Effect of Water Penetration on the Strength and Toughness of Silica Glass
Wiederhorn, SM; Fett, T; Rizzi, G; Funfschilling, S; Hoffmann, MJ; Guin, JP
JOURNAL OF THE AMERICAN CERAMIC SOCIETY, 2011, Band 94, Heft S1, S. 196-203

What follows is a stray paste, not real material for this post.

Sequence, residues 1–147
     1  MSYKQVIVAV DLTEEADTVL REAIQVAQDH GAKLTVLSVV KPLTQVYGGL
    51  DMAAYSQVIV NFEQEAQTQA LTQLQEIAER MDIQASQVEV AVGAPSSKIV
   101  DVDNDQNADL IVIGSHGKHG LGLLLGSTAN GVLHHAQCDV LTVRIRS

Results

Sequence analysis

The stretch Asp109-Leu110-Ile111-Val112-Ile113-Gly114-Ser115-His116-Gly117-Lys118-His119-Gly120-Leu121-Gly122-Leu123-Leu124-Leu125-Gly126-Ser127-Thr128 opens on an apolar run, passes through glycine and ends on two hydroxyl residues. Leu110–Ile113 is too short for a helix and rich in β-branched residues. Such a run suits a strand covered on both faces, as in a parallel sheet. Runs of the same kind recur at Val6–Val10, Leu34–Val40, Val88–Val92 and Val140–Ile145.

In this paper, we discuss the effect of water on the strength and static fatigue of silica glass. When a crack is formed in silica glass, the surrounding environment rushes into the crack; water then diffuses from the environment into the newly formed fracture surfaces to generate a zone of swelling around the crack tip. Because the swollen material is constrained from expanding by the surrounding glass, a zone of compressive stress is generated at the fracture surface around the crack tip. The results are similar to those found for transformation toughened zirconium oxide, with the exception that the transformation zone in silica glass grows with time, so that the effect gets progressively stronger. Using diffusion data from the literature, we show that the diffusion of water into silica glass can explain several significant experimental observations: the reported strengthening of silica glass by soaking in water at 88 degrees C; an increase in the slope of dynamic fatigue curve by prior exposure to water at 88 degrees C; the observation of a static fatigue limit in silica glass at very low values of the applied stress-intensity factor; and the observation of crack face displacements caused by water penetration into the glass at the crack tip.